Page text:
Current track



Mbumba still consulting on Ekandjo’s anti-gay bills

Written by on May 7, 2024

President Nangolo Mbumba is still consulting on the way forward regarding the private member’s bills passed by both houses of parliament last year.

In July last year, the National Assembly swiftly passed the private member’s bills comprising the marriage amendment bill and the definition of spouse bill with minimal amendments, garnering overwhelming support from both sides of the aisle.

The bills are awaiting presidential assent to become law.

“The president has received the bills in question and there is a process of consultation taking place, so that is where it is at this stage,” presidential spokesperson Alfredo Hengari told The Namibian yesterday.

He said if there are any cases where members of the lesbian, gay, bisexual, transgender, queer/questioning, intersex and other (LGBTQI+) community have been attacked, the law should take its course.

“Well, if there is criminality, law enforcement would have to deal with it,” Hengari said.

The spouse bill, in particular, smoothly progressed through the committee stage without objection.

Ekandjo proposed an additional amendment clarifying the genetic distinction between men and women.

Nangolo Mbumba

The marriage amendment bill defines marriage as a union between individuals of opposite sexes and prohibits same-sex marriage.

Subsequently, the bills were swiftly approved by the National Council and forwarded to the president for signing a few days later.

One of the bills further states that anyone who violates the law against same-sex marriage faces a fine of up to N$100 000 or up to six years in prison.

Last month, Swapo backbencher Jerry Ekandjo demanded an explanation from the Presidency on whether the president will sign the bills into law or not.

According to Swapo deputy secretary general Uahekua Herunga, no one should be bullied or killed because they belong to a certain community, and the party does not condone violence against anyone. Herunga, however, maintained that Swapo does not condone or support gay practices.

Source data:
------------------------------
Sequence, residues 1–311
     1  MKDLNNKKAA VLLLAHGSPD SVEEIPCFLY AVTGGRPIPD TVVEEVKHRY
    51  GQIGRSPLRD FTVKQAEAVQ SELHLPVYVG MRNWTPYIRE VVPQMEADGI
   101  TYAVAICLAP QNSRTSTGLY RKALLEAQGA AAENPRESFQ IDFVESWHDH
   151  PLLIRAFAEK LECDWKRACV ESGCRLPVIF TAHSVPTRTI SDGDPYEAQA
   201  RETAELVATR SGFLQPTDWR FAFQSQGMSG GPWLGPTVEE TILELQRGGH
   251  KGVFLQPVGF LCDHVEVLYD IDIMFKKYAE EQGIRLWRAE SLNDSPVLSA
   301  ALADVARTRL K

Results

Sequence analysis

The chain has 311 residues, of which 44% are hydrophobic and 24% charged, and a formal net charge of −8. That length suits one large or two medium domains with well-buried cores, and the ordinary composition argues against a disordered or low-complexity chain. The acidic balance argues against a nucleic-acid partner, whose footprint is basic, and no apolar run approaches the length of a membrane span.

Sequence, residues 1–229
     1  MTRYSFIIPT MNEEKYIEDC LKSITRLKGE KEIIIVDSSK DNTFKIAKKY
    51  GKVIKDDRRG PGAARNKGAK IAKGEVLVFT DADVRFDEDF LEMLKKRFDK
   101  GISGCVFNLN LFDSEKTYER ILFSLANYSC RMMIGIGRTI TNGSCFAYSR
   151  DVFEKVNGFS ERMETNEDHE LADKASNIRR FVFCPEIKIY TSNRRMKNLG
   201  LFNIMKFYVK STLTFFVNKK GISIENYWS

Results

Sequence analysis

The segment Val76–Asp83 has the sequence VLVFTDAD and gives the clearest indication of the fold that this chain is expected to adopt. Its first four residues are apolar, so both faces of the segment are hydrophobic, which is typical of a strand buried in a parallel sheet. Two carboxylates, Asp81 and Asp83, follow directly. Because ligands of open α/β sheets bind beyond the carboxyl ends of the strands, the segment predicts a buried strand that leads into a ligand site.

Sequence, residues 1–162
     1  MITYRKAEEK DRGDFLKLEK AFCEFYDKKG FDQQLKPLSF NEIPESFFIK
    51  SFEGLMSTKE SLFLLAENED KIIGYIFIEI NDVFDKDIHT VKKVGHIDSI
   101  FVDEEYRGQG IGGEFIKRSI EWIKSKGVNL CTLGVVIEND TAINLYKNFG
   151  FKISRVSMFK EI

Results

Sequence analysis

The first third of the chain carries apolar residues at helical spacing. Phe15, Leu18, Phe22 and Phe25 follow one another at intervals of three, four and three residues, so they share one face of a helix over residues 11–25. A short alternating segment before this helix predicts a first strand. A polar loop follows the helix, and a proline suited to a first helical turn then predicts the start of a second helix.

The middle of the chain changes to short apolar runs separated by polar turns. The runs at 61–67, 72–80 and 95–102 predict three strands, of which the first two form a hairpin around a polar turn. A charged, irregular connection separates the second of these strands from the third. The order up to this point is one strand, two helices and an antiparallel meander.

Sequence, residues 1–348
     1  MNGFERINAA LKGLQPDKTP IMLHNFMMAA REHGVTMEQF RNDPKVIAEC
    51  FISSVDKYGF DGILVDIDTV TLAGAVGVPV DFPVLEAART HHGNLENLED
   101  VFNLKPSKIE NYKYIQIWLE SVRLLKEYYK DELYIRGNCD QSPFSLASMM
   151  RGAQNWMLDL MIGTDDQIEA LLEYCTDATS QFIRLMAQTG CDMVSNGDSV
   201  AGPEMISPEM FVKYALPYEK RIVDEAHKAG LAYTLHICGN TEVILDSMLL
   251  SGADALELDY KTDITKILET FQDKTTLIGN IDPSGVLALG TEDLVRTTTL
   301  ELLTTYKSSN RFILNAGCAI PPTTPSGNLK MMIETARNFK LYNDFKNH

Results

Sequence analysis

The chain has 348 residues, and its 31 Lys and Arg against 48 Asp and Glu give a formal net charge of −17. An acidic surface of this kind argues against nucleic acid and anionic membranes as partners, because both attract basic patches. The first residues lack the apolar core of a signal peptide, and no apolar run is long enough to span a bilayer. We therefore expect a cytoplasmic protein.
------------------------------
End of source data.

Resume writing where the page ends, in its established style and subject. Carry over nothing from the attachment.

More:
“We condemn it and no one should touch anybody because of their identity,” he said.

Meanwhile, prosecutor general Martha Imalwa said her office has not dealt with any case where the members of the LGBTQI+ community were killed because of hate over the past 20 years.

“I have never heard of someone being killed because they are gay, there is no evidence that people are killed because they belong to a certain community,” she said.

According to Imalwa, the Constitution does not discriminate on how cases are dealt with.

Every murder case is dealt with accordingly, she said.

Attorney general Festus Mbandeka submitted an affidavit last year in the Windhoek High Court arguing that a majority of Namibians still reject homosexuality and that sodomy laws should remain in force on that basis.

He said: “I deny that the mere existence of the sodomy laws promote the stigmatisation of gay men. If these men suffer from any stigma, it is because of their choice to engage in sexual behaviour that is considered morally taboo in our society.”

Popular Democratic Movement (PDM) secretary general Manuel Ngaringombe said his party condemns this kind of killing.

He said the PDM is cognisant of the fact that the Constitution does not allow sodomy and there are no laws in the country that allow the practice.

“The stance of PDM on sodomy is very clear that we don’t condone it but at the same time we don’t support any sort of violence against any community,” he said.

He said no one should be hating minorities.

“Today someone is a victim because they are LGBTQI+, tomorrow it’s tribal or because they belong to a certain religion, the next day it’s regionalism.”

He said as long as the law prohibits same-sex practices, it is not for any Namibian to take the law into their own hands.

“We will have differences as a country and we should respect that. What we should rather engage in is psychosocial support for these people. Justice should prevail for the victims,” he said.

Body of Christ Party (BCP) vice president Victorina Shilongo said much should be changed in terms of how the government protects its people from violence.

“We need stricter laws that deal with perpetrators that would commit crimes on innocent people because of their affiliations,” she said.

She, however, added that BCP is a Christian party and they are committed to what the Bible teaches, thus they don’t support sodomy.

She said the Constitution is not clear on the definition of gender and the government should address this.

South West Africa National Union (Swanu) secretary general Wendy Christian said it’s still debatable in Swanu as to whether they support the LGBTQI+ community or not, but despite what their stance would be, they have noticed with great concern the escalation of gender-based violence.

“We ought to protect the rights and the lives of all the Namibians” she said.

The post Mbumba still consulting on Ekandjo’s anti-gay bills appeared first on The Namibian.

Current track